The U.S. government's decision to relinquish its historic role in Internet governance has set in motion a transition with no clear resolution. The Department of Commerce has asked the Internet Corporation for Assigned Names and Numbers (ICANN) to "convene stakeholders across the global Internet community to craft an appropriate transition plan," but where this will lead is anyone's guess. What is clear is that the transition provides both the opportunity for, and the necessity of, undertaking a fundamental reevaluation of ICANN's accountability mechanisms.
The Internet Corporation for Assigned Names and Numbers is the relatively obscure nonprofit organization that is responsible for the essential Internet governance functions, without which the Internet would not work. It administers the Domain Name System (DNS) — the system of Internet addresses that allows us to access web pages and to communicate through email. It performs these functions under a contract between the U.S. Department of Commerce and the ICANN-operated Internet Assigned Names Authority (IANA). The Commerce Department is now proposing to relinquish its key role in awarding the IANA contract, without any replacement mechanism in sight.
Moreover, the diminished U.S. role will create a void that other governments are anxious to fill. After all, international pressure — exacerbated by the Snowden NSA revelations, even though they have nothing to do with ICANN — is a major reason that the U.S. is giving up its role. Although the Department of Commerce has stated that it will not accept a transition plan that replaces the department's role with "a government led or intergovernmental solution," once the cord is cut, U.S. influence will be limited.
With the decision to transition away from U.S. control, addressing ICANN's longstanding accountability and "legitimacy" issues becomes even more pressing. If ICANN is not accountable to the U.S. government or to other governments, to whom will it be accountable? Although ICANN has established a number of accountability procedures, they largely reflect internal policies, which can be changed internally. The Internet Corporation for Assigned Names and Numbers places a great deal of emphasis on obtaining input from the Internet "community," but in the end, it is ICANN's board that makes the decisions. That board has no external entities to which it is accountable.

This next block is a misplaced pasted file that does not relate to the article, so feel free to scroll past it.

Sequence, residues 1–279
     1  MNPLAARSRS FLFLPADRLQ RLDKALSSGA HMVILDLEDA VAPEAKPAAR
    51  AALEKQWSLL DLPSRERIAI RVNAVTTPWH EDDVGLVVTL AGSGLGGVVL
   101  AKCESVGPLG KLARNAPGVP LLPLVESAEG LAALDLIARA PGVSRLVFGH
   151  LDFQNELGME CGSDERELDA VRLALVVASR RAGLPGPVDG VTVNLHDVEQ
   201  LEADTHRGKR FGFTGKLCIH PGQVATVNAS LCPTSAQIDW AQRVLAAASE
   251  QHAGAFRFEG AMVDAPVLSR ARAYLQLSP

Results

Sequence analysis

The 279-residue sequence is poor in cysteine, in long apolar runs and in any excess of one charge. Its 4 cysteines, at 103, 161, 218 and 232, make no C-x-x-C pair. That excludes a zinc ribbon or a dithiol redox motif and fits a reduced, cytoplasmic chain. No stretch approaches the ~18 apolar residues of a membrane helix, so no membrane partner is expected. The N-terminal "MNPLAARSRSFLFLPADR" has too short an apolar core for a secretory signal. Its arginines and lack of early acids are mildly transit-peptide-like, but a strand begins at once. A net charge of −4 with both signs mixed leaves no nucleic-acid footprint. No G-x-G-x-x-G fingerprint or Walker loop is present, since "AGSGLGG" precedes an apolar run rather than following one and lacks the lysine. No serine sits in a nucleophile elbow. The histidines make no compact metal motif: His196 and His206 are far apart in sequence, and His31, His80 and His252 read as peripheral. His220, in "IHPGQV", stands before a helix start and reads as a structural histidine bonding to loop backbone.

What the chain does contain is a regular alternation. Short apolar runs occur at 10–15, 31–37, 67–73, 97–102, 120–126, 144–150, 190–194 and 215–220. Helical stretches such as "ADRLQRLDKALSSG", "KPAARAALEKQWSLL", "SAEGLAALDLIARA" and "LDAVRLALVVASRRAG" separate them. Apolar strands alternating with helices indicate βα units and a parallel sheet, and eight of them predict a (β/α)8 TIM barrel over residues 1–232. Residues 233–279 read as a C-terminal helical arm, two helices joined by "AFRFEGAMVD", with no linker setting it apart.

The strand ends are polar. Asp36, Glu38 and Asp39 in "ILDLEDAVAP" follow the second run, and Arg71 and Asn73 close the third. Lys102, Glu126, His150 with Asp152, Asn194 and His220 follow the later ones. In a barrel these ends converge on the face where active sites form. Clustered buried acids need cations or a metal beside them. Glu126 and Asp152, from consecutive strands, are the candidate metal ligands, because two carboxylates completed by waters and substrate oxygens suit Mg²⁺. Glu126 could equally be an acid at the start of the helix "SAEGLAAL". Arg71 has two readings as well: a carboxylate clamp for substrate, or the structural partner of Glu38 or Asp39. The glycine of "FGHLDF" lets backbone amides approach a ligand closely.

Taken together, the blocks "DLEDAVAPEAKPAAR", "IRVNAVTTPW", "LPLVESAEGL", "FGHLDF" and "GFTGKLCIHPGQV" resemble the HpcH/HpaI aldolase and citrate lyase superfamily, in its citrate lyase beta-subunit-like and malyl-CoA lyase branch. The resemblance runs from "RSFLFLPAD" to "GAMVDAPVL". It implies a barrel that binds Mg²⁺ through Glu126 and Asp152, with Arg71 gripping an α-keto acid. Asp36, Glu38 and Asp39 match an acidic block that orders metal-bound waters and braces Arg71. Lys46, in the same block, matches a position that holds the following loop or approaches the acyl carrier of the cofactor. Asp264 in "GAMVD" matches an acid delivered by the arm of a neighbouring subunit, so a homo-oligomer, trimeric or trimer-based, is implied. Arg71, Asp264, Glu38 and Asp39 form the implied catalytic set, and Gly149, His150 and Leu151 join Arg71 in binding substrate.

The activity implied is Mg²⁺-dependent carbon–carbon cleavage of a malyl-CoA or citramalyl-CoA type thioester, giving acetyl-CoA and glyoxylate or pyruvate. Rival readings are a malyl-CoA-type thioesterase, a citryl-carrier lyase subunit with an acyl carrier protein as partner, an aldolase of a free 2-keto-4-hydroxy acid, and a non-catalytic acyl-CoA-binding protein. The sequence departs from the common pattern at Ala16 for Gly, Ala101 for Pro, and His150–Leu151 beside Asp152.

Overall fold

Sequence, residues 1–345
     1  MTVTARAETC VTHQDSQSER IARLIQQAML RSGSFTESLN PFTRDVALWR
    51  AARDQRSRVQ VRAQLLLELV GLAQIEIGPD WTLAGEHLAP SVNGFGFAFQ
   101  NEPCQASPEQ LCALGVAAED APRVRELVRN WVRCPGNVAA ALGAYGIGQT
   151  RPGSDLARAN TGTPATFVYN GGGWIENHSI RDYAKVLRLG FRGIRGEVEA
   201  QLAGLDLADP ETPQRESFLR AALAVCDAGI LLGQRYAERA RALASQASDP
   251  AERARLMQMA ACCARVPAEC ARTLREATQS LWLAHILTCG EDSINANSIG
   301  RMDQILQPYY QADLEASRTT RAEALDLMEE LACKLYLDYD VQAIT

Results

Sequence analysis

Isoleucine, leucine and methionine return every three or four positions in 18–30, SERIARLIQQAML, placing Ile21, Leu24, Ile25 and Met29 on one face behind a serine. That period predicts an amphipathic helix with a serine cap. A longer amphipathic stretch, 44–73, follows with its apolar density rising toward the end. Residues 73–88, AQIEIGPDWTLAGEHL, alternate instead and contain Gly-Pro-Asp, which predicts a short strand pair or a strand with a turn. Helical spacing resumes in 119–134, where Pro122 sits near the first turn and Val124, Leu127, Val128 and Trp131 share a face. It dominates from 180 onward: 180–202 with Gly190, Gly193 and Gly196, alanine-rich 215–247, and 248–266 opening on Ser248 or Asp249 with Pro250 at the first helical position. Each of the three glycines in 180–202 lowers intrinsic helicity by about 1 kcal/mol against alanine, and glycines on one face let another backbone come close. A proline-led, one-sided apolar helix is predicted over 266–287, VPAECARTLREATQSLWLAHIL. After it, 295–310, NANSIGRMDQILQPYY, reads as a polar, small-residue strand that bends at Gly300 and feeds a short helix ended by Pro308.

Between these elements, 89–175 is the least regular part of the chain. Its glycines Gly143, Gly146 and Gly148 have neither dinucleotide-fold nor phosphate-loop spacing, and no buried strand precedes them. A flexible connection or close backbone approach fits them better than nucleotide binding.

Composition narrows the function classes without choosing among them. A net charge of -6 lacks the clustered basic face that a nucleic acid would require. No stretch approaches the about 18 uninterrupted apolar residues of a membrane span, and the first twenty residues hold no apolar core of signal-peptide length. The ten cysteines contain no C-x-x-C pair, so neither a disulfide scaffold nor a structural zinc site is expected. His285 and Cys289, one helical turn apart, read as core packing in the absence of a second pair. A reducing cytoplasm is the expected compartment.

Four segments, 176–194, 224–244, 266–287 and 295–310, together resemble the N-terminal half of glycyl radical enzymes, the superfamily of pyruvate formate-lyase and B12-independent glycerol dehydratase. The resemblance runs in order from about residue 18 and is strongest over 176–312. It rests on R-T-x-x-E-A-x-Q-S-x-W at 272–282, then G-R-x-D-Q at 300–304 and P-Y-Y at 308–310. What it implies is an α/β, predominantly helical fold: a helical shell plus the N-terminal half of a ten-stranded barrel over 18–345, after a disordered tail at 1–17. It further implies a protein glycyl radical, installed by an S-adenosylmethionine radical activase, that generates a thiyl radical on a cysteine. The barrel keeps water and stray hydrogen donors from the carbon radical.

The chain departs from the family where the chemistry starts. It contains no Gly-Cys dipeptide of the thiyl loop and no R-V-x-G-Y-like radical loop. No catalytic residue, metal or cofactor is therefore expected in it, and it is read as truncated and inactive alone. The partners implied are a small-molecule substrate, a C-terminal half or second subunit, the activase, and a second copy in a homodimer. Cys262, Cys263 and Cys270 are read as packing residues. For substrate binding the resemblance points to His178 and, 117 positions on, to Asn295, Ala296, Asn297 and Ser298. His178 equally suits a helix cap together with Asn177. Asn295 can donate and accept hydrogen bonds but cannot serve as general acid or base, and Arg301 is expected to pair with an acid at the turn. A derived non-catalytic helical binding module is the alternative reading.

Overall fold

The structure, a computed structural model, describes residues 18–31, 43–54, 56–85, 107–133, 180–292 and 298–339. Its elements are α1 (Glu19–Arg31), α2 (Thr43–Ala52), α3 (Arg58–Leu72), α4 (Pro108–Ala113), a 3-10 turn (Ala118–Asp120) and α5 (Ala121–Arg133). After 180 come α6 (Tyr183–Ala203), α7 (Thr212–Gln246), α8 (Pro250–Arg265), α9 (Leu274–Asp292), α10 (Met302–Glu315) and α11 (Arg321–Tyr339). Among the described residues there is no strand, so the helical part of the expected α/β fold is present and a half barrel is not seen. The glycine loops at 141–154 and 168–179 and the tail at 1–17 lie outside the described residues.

Meaningful accountability requires meaningful external checks, and virtually all major organizations are structured so as to be externally accountable. For example, corporations are accountable to their customers, who can go elsewhere, as well as to their shareholders who elect boards of directors, who in turn can replace management if the company is not performing. Nonprofits are accountable to their members and donors and, when applicable, customers. The Internet Corporation for Assigned Names and Numbers has no shareholders, members, or donors. Its customers cannot go elsewhere, because ICANN has a monopoly on generic Top Level Domains (gTLDs), which provides it with an assured and rapidly growing source of revenue.
The most direct way for ICANN to be externally accountable is to modify its governance structure so that board members, or at least a significant number of them, are accountable to external groups.
Our research shows that many organizations with coordination functions that are similar to ICANN's are governed by their direct users, who have a strong interest in the organization doing its job effectively. The direct users of ICANN include:
- "Registries," which are companies that coordinate gTLDs, such as .com, .edu and .org;
- "Registrars,” which register the second-level domain names that we all use, such as aol.com; and
- Regional Internet Registries (RIRs), which are responsible for distributing numeric Internet Protocol (IP) addresses that are needed for the Internet to work.
As a starting point to enhancing external accountability, there should be increased representation of these groups on the ICANN board. These groups have a strong incentive and the ability to see that the DNS works smoothly and apolitically and that ICANN focuses on the technical functions that are involved in administering the DNS, avoids mission creep, and addresses problems affecting the DNS (such as trademark issues) as they arise. This benefits all users.
A modified board structure might also allow for representation by other constituencies. However, given the longstanding goal that Internet governance should be private, we do not envision formal ties between governments and ICANN; seats on ICANN's board should not be allotted to representatives of governments. Although U.S. oversight of ICANN has been quite light-handed, we fear that formal governmental representation on ICANN's board could lead to an unfortunate politicization of ICANN's actions — to the detriment of the openness and flexibility of the Internet.
The Internet Corporation for Assigned Names and Numbers has functioned reasonably well, but we cannot assume that an organization that is essentially accountable to itself, with no meaningful external controls, will continue to do so indefinitely. Indeed, the vacuum of no meaningful external accountability is likely to be seen as an invitation — perhaps even a mandate — for governments to assert that role, with the negative consequences to follow.
In sum, as part of this transition, the issue of ICANN external accountability urgently needs to be addressed. We believe that our suggested system of accountability to ICANN's direct users would be the best way to move to the next phase of Internet governance.
Lenard is president and senior fellow at the Technology Policy Institute. White is a professor of economics at New York University's Stern School of Business.